Andy Gardner 17th May 2018
“It’s not Rocket Science, and it’s about 20 years since I was Chairman of the careers company in Tyneside, and technology wasn’t as advanced as it is now, but we had outcomes data for 10,000 young people, and we knew where they were and what cohort they were in.” Ian Mearns MP
On the morning of Wednesday 16th May 2018, the Education Parliamentary committee interrogated Claudia Harris and Christine Hodgson from the Careers and Enterprise Company about their work (they probably needed a stiff drink and a lie down afterwards as it was so unforgiving).
The questioning was rigorous and many of the comments were extremely critical. Below are some examples of what they had to deal with.
A constant throughout the questioning and comments, was a lack of detail about outcomes and knowledge about what young people are doing. Forgive me for stating the obvious, but until 2011 we had a machinery for tracking and helping young people on a practical, one-to-one level and that was the Careers Service/Connexions Service. See this report from 2015, which shows a clear link between those local authorities that had kept open local public Careers Offices and them having much better tracking of NEET data and better helping NEET data compared to those local authorities who had closed their public service.
Trudy Harrison MP
“To me it would seem like a fairly simple project to understand where the highest levels of youth unemployment are, and that would be the target area, and the measure of your success would be that the measure of youth employment had improved. Do you have any evidence of that?”
“What is a cold spot? How have the number of NEETs reduced in the areas that you are working? If you don’t know that, then that really concerns me?”
Lucy Allan MP
“You know that the young people that you have helped have ended up in employment, is that right? So at the moment, over the last three years, where you have engaged with young people through third parties, you haven’t followed where that young person has gone? Surely these young people could be tracked quite easily? How do you measure the quality of those employer encounters? Who else is performing a scrutiny role of your activities?”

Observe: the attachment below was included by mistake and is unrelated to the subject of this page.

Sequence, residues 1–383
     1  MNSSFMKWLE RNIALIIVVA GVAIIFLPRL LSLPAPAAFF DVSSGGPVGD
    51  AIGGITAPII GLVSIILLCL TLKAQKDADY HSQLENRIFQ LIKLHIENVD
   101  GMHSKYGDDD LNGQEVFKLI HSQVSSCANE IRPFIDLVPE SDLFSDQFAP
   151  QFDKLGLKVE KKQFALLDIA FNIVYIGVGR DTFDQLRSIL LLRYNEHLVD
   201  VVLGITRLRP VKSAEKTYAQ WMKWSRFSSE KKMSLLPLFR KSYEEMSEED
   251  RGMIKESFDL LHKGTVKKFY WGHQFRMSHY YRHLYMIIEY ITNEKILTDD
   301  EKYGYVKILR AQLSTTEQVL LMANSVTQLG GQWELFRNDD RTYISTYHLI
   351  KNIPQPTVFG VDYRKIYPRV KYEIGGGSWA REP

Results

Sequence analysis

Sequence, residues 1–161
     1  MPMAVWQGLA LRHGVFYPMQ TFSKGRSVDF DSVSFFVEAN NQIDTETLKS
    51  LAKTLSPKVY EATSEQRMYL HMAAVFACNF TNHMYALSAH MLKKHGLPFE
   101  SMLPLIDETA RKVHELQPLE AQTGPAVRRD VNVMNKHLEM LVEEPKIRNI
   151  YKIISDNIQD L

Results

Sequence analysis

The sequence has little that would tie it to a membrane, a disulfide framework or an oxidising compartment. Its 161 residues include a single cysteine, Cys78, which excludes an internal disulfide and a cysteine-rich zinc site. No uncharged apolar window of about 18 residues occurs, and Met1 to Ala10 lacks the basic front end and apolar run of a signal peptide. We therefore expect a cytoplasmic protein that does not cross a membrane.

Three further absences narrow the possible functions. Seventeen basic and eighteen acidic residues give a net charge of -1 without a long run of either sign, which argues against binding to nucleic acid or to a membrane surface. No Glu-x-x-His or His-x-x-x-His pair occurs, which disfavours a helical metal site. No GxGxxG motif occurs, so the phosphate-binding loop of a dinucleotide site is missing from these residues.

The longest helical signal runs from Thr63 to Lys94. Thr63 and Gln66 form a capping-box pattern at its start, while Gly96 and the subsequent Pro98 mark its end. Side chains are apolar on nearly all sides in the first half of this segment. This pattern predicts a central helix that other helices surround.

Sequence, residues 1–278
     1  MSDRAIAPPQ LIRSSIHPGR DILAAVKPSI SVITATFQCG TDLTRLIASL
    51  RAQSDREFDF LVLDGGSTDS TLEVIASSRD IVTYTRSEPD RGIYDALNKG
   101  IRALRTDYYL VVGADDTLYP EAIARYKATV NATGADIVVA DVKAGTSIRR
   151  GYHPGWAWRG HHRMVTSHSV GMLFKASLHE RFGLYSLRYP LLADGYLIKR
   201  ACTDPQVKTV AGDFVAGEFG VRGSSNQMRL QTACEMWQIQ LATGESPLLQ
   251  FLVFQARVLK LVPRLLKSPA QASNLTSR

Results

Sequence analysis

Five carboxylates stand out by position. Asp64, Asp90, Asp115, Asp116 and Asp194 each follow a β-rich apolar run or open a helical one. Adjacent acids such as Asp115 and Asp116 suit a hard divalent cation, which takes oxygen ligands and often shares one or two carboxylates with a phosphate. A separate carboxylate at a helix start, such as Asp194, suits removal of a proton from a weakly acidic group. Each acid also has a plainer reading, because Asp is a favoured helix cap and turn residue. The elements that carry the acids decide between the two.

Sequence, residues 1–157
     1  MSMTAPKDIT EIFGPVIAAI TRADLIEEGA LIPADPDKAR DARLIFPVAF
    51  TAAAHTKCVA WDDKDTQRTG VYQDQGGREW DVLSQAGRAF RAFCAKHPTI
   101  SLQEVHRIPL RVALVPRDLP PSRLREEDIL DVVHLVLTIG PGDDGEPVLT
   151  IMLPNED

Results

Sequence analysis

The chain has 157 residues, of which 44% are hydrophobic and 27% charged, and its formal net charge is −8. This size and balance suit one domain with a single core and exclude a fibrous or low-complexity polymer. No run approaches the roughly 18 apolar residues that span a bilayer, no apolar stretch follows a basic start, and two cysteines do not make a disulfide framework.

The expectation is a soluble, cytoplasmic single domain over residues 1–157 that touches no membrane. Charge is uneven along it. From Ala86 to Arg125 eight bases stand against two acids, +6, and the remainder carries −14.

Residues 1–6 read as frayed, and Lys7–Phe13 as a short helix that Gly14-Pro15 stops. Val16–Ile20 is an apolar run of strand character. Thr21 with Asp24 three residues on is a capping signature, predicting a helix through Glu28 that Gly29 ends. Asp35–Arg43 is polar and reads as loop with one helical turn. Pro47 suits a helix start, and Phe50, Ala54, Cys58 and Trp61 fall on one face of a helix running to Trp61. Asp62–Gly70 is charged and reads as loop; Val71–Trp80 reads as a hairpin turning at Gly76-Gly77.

“Why do you keep turning down money for groups like National Careers Week who are so successful?”
“Huge focus on inputs and not on what happens at the end.”
“These are just Think Tank reports that any organisation could do.”
“You are not clear on transparency issues.”
“I find this incomprehensible, why decisions are made and how they are made.”
“From all parties on this committee there is clear frustration with some of the work you do, though I’m sure there are some good things you do.”
“You are not quite sure what you are for, are you a delivery organisation like the National Careers Service or are you like the Education Endowment Foundation who are there to support best practice. There is a sense that this has become an overbloated Quango that is not doing either of these jobs particularly well”
“You can’t even come to this committee and explain the impact of what you are doing?”
“Should your salaries be benchmarked against the NCS?”
“Do you think OFSTED should be looking at what you are doing?”
“I don’t think you can convey what your actual purpose is and what the impact is!”
You don’t have anyone on your board who can drill down into your data.
“I’m not convinced by anything I’ve heard this morning that we know what the outcomes of the young people you are dealing with are!”
“An encounter means what?”
“Why are you and Gatsby both producing guides on how to implement the benchmarks?”
“How can we properly assess the outcomes for the money that has been invested in this programme are delivering, unless we know that there are tangible benefits for the young people that are engaged in these programmes.”
“It’s not Rocket Science, and it’s about 20 years since I was Chairman of the careers company in Tyneside, and technology wasn’t as advanced as it is now, but we had outcomes data for 10,000 young people, and we knew where they were and what cohort they were in.”